Shoreline Master Program | Does it remove uncertainty or increase it?

  • Thu Jan 4th, 2018 12:35pm
  • Life

By Merri Ann Simonson

As you may or may not be aware, the County Council has recently adopted updates to the Shoreline Master Program (SMP), with the new regulations effective on October 30, 2017. Although the new regulations apply to all shoreline development, the focus of this article will be on regulations related to residential development in the County.

I recently had the pleasure of processing a waterfront transaction where my clients had numerous questions about what they could change on the property to make the home suitable to them. We were able to process a Residential Pre Application (RPA) at the County and obtain the answers to my client’s questions. It was a very positive experience if you don’t take into consideration the added expense. Some of the questions and issues that we had and what I learned are listed below:

Non-Conforming:

If the development (typically a single-family residence and/or associated accessory buildings) on the property are closer to the top of bank or ordinary high water mark than allowed by current regulations, the structure(s) are considered “non-conforming.” Generally the current regulation is 100 feet. Another common condition that creates non-conformity is if the width of the structure(s) occupies more than 50 percent of the lot width at the seaward face of the structure(s). Setbacks and lot width coverage regulations have enough variation depending on the individual parcel that assessment is needed on a case-by-case basis. There are additional conditions that can relegate structure(s) and/or use(s) to a non-conforming status, but the 2 listed above are the most common.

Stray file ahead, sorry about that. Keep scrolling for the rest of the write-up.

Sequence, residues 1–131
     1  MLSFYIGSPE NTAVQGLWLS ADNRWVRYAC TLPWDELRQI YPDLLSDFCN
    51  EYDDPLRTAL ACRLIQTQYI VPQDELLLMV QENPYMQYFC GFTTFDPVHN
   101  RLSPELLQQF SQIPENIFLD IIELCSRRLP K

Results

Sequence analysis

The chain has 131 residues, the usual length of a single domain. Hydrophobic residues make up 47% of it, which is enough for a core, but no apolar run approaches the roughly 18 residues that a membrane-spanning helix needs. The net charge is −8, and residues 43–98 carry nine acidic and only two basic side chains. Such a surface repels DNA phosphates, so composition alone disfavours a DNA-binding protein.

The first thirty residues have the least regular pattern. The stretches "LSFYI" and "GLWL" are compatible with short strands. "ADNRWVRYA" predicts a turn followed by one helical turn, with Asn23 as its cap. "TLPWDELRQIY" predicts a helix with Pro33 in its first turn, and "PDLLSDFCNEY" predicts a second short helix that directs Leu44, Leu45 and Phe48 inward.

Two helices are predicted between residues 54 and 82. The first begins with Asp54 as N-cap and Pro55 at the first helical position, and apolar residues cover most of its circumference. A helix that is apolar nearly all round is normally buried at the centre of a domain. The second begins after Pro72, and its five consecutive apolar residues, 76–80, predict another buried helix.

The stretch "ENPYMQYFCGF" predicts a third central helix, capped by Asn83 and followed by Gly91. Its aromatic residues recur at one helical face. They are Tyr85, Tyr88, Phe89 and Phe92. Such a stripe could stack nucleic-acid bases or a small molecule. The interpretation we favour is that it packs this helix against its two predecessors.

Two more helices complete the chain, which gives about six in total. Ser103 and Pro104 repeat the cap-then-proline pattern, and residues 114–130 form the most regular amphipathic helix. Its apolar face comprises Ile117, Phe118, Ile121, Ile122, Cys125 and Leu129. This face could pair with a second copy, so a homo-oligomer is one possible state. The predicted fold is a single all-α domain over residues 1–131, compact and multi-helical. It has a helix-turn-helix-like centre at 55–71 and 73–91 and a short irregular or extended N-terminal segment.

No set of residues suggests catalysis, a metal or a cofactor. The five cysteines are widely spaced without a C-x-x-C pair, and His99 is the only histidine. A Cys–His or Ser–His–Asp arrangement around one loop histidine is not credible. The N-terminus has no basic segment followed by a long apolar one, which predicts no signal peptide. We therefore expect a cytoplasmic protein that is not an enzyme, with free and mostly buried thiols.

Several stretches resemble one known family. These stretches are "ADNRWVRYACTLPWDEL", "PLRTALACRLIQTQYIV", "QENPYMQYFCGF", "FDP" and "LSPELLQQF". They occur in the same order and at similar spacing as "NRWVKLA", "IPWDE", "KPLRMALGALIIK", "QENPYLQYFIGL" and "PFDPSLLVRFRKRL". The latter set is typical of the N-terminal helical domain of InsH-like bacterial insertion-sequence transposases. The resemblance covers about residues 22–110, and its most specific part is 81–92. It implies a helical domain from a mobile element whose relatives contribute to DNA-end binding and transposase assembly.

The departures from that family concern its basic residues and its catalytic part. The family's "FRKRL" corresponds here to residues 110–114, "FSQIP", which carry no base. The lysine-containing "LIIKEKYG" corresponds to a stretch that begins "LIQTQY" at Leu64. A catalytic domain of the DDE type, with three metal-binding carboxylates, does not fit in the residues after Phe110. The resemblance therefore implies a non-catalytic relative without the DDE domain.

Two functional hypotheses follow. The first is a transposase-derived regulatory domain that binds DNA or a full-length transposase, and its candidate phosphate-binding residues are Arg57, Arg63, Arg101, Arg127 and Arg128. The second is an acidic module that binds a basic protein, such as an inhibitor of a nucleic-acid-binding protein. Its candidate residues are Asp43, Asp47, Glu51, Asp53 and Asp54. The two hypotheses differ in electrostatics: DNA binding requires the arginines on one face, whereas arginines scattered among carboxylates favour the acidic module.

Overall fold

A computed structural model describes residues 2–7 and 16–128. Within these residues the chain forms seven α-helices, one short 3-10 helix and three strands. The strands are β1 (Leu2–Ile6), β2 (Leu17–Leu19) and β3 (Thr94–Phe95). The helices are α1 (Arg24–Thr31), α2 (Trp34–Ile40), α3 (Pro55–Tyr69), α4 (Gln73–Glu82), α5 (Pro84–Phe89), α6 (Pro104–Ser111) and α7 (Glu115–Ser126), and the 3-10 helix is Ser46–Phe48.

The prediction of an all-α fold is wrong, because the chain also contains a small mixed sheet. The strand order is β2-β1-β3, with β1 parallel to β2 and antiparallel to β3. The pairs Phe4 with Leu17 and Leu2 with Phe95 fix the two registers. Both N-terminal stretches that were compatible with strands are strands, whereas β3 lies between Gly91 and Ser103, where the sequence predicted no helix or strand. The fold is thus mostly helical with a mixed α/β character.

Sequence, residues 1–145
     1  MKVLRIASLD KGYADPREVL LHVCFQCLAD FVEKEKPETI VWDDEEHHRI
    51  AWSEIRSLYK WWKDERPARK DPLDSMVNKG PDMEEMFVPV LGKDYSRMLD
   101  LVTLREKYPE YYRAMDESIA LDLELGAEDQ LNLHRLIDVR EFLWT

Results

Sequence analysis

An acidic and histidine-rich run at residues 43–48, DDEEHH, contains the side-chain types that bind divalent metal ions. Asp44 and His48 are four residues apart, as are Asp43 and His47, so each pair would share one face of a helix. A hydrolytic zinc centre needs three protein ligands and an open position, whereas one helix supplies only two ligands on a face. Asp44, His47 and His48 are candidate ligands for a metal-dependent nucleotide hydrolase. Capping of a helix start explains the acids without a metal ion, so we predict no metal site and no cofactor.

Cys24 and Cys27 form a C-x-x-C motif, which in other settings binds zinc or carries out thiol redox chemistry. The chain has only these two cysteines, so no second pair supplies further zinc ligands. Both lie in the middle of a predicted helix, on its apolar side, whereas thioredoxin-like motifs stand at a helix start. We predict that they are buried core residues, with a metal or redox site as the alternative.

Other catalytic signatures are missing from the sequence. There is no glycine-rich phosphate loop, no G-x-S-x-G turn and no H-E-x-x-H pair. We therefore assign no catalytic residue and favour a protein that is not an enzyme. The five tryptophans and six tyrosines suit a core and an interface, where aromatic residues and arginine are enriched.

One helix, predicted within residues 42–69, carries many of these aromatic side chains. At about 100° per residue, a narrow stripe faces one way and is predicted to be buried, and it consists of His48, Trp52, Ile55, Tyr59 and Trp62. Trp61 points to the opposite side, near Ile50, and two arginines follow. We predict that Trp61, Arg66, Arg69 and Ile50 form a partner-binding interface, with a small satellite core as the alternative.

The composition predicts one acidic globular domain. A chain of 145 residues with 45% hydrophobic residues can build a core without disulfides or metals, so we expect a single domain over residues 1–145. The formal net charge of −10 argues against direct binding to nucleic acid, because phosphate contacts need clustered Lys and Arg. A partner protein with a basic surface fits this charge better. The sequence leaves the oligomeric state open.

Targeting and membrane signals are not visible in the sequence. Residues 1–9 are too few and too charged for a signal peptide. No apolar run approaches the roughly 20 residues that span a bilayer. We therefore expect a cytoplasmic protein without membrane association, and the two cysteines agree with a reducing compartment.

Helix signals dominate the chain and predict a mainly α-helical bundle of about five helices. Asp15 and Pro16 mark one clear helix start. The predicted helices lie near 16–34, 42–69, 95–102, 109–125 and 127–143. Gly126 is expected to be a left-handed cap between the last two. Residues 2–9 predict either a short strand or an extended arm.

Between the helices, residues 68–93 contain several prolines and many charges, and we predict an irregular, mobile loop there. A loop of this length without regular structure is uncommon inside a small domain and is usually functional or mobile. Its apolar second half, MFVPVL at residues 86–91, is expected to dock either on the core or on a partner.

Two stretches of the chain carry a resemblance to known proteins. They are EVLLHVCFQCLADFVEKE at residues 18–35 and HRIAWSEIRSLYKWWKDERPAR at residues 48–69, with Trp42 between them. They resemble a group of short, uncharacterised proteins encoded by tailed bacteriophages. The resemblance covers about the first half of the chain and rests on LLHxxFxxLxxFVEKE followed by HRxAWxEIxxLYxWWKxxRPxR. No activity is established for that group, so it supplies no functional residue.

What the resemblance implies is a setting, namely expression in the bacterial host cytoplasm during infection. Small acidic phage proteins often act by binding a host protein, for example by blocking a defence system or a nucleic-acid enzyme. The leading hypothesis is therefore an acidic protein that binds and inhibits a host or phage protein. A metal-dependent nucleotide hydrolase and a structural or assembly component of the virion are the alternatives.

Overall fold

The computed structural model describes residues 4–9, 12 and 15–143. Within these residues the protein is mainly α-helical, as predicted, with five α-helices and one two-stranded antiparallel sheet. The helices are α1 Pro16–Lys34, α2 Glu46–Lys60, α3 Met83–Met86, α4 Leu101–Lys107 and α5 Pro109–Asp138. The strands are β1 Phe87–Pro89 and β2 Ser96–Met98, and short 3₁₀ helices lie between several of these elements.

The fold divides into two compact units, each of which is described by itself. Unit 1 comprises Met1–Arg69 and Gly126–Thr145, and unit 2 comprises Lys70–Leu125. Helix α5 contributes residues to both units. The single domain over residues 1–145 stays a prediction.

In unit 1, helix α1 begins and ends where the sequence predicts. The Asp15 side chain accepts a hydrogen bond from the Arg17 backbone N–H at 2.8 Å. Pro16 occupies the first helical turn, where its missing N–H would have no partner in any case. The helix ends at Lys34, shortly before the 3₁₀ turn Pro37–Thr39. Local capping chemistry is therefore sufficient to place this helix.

If the property has structures that are non-conforming, then proposed new development, expansion and/or repairs, the following steps are necessary:

The structure may be moved, replaced, redeveloped, expanded or otherwise modified on the same parcel provided this work is consistent with the provisions listed below:

The application must demonstrate that the proposed action will not:

1. Result in a net loss of shoreline ecological functions;

2. Increase adverse impacts on the shoreline critical areas;

3. Create a new non-conformance or increase the degree of inconsistency with provisions of this SMP; or

4. Results in hazard to people or property.

In order to demonstrate no net loss of shoreline ecological functions, the application must provide an analysis that addresses any:

A. Increase in the quantity of pollutants from the site;

B. Increase in the quantity of surface runoff from the site;

C. Decrease in trees and other vegetation within buffers and tree protection zones;

D. Decrease in the stability of the site and other properties; and

E. Changes to the transport of sediment to and within nearshore areas.

I confirmed that each analysis report prepared to demonstrate compliance would have a validity period of around 5 years unless regulations change. As my clients plan to make the improvements to the property within the next 3 years, the studies and reporting they had done when contemplating their purchase will carry over to their permit application.

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